After always adamantly and publicly proclaiming my wish to keep my last name, now that I am engaged I am considering the matter with new eyes. I have been with my partner for 10 years and we have moved across the country and then the world together and so I don’t expect marriage to change our relationship. Which is one of the reasons that I am considering the name-change… as I am not religious and haven’t been planning a wedding since I was a little girl so I am trying to understand what it will actually mean to me to formalise a relationship that I am in no doubt over. (which is why I am so pleased that I stumbled across APW) Inertia propels me not to change – I have no pressure either way from family (his or mine), I am not worried about people being confused about having a different last name as my future children, and I am in academia with a title and published works where it is the norm to at least keep the ‘professional name’ the same. I guess I just want to make sure that I have considered the options and made a choice rather than take the default option. I am mildly concerned that after I am married people will call me MRS mylastname (not Ms), because I am NOT married to my dad! That was a big problem for my teacher friend, and was one of the reasons that she was looking forward to changing her name. I like the idea of adding the extra name without hyphenation or having an extra middle name. People with two middle names are cool.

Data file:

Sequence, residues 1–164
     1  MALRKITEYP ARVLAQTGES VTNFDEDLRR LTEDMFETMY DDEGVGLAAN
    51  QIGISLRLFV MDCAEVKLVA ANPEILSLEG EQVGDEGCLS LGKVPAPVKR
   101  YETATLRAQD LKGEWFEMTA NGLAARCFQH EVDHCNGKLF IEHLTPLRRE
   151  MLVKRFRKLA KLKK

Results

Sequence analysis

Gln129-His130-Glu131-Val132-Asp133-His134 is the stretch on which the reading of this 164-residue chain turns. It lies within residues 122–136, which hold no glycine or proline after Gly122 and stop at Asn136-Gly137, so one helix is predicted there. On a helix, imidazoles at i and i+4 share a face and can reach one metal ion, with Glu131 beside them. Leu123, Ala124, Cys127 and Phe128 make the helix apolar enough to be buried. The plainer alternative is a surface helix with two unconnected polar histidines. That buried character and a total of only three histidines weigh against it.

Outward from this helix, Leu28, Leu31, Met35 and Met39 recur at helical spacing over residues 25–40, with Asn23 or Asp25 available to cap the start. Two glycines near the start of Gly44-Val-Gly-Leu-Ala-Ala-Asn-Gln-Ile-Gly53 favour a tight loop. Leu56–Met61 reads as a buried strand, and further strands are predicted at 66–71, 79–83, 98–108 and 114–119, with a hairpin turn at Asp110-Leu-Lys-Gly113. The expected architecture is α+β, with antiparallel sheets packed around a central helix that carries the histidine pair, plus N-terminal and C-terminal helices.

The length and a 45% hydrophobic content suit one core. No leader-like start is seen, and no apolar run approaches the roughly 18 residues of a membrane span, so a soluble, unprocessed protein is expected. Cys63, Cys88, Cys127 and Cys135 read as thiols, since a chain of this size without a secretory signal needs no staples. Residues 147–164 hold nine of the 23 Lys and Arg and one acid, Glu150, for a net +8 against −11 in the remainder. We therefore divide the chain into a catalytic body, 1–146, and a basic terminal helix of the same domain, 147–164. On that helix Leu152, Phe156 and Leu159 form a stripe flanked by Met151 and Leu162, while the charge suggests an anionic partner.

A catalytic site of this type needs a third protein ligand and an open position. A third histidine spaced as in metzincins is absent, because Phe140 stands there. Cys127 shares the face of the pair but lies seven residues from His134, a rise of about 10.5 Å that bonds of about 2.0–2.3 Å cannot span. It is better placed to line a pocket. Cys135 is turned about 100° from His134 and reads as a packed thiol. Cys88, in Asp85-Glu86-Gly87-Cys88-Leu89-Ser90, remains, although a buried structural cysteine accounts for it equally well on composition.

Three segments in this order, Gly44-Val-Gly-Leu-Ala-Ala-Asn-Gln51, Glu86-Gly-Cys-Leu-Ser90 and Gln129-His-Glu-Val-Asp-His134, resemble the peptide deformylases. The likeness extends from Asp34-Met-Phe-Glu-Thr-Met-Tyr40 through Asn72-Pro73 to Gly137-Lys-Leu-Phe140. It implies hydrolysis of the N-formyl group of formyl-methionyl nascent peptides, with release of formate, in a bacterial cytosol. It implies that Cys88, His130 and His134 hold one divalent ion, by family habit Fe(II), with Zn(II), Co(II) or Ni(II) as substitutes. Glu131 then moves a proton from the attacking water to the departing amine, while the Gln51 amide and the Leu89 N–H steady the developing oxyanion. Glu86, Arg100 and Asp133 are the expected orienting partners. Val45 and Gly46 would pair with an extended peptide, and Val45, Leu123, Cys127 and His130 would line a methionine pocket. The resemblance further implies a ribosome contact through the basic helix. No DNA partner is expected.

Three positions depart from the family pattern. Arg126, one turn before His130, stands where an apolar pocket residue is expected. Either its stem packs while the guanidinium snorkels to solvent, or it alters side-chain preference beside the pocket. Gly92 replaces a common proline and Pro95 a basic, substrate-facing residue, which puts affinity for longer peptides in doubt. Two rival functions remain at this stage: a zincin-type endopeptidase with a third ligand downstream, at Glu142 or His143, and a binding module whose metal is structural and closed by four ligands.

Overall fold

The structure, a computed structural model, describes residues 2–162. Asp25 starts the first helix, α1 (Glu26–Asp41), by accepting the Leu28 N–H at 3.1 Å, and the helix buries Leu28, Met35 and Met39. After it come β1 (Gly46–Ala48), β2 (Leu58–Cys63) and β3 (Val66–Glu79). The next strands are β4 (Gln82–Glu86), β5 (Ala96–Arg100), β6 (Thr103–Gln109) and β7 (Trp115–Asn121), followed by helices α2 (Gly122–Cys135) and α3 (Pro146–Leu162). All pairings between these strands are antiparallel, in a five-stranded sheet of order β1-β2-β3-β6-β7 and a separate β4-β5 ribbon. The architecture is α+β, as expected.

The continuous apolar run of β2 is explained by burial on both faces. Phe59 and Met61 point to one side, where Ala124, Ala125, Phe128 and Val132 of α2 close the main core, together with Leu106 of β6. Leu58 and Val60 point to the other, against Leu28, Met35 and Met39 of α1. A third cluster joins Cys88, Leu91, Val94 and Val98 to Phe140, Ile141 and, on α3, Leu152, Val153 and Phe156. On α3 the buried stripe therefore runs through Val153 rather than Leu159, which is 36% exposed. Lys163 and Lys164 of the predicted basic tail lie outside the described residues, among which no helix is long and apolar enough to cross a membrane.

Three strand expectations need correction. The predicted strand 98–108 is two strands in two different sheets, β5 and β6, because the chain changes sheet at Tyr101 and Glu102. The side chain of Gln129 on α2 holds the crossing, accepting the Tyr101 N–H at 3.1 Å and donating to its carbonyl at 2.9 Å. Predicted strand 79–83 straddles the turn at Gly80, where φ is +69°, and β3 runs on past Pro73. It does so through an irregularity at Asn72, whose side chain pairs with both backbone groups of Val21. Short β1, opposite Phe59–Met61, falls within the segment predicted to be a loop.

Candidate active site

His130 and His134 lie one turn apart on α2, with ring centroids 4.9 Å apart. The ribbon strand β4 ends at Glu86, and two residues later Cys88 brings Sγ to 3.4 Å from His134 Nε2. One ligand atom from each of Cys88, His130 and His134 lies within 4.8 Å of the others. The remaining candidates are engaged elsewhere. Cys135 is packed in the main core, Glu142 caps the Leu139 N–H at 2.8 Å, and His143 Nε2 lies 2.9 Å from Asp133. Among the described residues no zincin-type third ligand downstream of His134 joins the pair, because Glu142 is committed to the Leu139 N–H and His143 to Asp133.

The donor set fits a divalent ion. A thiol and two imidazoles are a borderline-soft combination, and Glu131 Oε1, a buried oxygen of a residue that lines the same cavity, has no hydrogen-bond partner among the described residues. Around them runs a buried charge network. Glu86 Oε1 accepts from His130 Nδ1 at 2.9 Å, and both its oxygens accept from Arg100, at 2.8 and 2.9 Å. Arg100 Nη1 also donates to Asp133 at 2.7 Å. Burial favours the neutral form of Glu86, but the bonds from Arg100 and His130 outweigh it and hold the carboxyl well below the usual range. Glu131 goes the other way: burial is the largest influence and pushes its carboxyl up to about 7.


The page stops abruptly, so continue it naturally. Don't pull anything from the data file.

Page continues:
• Isn’t it awesome when something finally feels right? And you just KNOW. Smiling all day is a great feeling, and if you do that with any choice it’s usually the right one. I don’t know you, but reading about how you made your own decision that wasn’t necessarily a typical pathway to get there, makes me uber proud of you.